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Watch Gulp

The watch() function is an essential feature built into the main Gulp package. As you can guess from its name, its purpose is to track. But what do we watch and how? That's what we're going to talk about in this lesson.

The watch() function has its lesson for a reason. Its functionality and use are much broader than the commands you know, such as src(). The watch is not just a function within a task. It is a separate task, that starts when we execute the `gulp' command and stops when the entire script finishes.

First, let's figure out how to set file tracking. We can do it using the watch() function itself, which takes three parameters:

  1. Paths to files to track
  2. Tracking options
  3. A function or task to call when a file is changed

The second parameter may be omitted, meaning the watcher (functions that track actions are often named like this) looks something like this:

const { watch } = require('gulp');

const watchers = () => {
  watch('src/sass/app.scss', (done) => {
    console.log('Oops, the app.scss file has changed');


exports.watchers = watchers;

Calling watch with an anonymous function

You can use Globs It doesn't have to be a file. You can specify an entire directory as a path, and there will be events there, which we'll discuss below.

The function passed as the watch() argument does not differ from the one used in the previous lessons. The main difference is that it has no name. They are also called anonymous. It is not mandatory. For example, we can create a function and pass its name as a parameter. It won't change the behavior of the clock. The example above is equivalent to the following example:

const { watch } = require('gulp');

const changeAppStylesFile = (done) => {
  console.log('Oops, the app.scss file has changed');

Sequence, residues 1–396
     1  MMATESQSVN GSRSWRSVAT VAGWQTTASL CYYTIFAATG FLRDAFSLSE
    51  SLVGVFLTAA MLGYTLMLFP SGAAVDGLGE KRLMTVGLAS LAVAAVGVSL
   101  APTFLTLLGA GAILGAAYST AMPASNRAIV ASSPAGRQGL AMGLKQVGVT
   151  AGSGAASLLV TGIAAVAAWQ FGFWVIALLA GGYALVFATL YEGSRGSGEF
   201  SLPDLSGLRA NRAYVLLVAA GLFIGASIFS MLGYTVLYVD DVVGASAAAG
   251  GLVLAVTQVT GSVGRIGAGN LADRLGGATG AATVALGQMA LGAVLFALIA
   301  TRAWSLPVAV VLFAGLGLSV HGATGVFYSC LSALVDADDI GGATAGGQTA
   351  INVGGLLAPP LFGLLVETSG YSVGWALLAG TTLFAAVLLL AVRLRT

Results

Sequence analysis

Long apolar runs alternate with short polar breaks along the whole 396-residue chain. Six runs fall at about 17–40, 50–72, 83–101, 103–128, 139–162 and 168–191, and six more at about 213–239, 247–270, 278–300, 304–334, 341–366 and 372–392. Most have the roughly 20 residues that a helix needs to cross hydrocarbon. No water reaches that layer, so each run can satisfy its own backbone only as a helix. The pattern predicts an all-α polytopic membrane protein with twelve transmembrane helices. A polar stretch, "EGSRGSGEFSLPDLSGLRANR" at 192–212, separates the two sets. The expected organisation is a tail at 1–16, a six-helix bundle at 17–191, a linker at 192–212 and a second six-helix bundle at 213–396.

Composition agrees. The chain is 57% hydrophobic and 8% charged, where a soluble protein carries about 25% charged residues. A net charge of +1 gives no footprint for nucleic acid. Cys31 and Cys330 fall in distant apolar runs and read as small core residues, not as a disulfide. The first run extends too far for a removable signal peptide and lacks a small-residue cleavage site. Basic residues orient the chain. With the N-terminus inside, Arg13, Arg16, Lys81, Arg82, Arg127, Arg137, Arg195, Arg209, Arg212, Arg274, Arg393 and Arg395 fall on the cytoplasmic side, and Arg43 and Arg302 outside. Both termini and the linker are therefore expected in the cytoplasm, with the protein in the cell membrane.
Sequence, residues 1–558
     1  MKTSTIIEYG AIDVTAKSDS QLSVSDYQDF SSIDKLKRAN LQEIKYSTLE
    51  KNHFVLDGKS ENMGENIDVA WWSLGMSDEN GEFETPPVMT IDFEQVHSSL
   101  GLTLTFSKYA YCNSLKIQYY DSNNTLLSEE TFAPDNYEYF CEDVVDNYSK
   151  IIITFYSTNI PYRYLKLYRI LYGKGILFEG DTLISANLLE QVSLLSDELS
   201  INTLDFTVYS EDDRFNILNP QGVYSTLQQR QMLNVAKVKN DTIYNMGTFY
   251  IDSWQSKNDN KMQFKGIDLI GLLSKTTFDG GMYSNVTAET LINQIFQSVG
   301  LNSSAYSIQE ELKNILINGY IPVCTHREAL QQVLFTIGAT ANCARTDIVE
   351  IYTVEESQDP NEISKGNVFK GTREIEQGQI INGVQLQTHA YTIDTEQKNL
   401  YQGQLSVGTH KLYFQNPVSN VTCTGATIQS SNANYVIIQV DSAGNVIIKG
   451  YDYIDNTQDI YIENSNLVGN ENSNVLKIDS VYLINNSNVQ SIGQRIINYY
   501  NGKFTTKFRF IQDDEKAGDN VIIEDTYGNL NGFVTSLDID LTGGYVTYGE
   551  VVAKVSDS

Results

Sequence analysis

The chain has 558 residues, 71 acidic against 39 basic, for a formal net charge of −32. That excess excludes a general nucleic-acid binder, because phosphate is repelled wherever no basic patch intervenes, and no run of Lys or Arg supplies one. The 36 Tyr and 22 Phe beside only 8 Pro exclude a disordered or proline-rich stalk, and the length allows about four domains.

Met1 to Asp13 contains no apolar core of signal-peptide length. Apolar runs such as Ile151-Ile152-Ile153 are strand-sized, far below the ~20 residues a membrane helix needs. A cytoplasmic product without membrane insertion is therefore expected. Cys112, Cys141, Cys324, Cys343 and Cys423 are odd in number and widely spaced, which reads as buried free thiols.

const watchers = () => {
  watch('src/sass/app.scss', changeAppStylesFile);

exports.watchers = watchers;

Calling watch with an anonymous function

In the second example, when you change the file, Gulp writes the name of the function because it's no longer anonymous. When we change a file, we call the changeAppStylesFile() function, which you can see in the output of Gulp itself.


What events does watch() respond to? By default, it's events that are in any way related to file or directory changes. We can also specify which events we need. It is necessary to avoid calling the task unnecessarily. For example, we don't want to act when adding a file to the directory, only when modifying one.

We do this using the second parameter of the watch() function, which defines the function's parameters. The events parameter is responsible for the actions on which the task should we call. You can either specify one specific `event' or several at once. Let's have a look at what events are available when using Gulp:

  • add — add a new file
  • change — change a file
  • unlink — delete a file
  • addDir — add a directory
  • unlinkDir — delete a directory
  • ready — finish a scan for tracking paths. Now the watcher will be ready to track changes. This stage can be called the end of initialization
  • error — tracking error

By default, we set the events parameter to all so we can track all events. The ready and error events are an exception because they're more related to the internal logic of the function itself:

const { watch } = require('gulp');

const changeAppStylesFile = (done) => {
  console.log('Oops, the app.scss file has changed');


const checkFileStructure = (done) => {
  console.log('The file structure has changed');


const watchers = () => {
  // Tracking only the `change` event
  watch('src/sass/app.scss', { events: 'change' }, changeAppStylesFile);

  // Tracking the deleting and adding of files in the directory
  watch('src/sass/', { events: ['add', 'unlink'] }, checkFileStructure);

exports.watchers = watchers;

Tracking changes in Gulp

It is because when we compile SASS, Pug, and other preprocessors or template makers, it is crucial not only to change files but also to add and remove them.

Unlike regular tasks, watch() will continue until you force it to stop. It is essential to keep this in mind during development. It is possible to forget to stop the process in the terminal and get compilations we didn't expect.

Do it yourself

Create multiple watchers for files and directories. Try combinations of events, running the Gulp process each time. Once started, interact with the files and directories to see which ones are called by which function.

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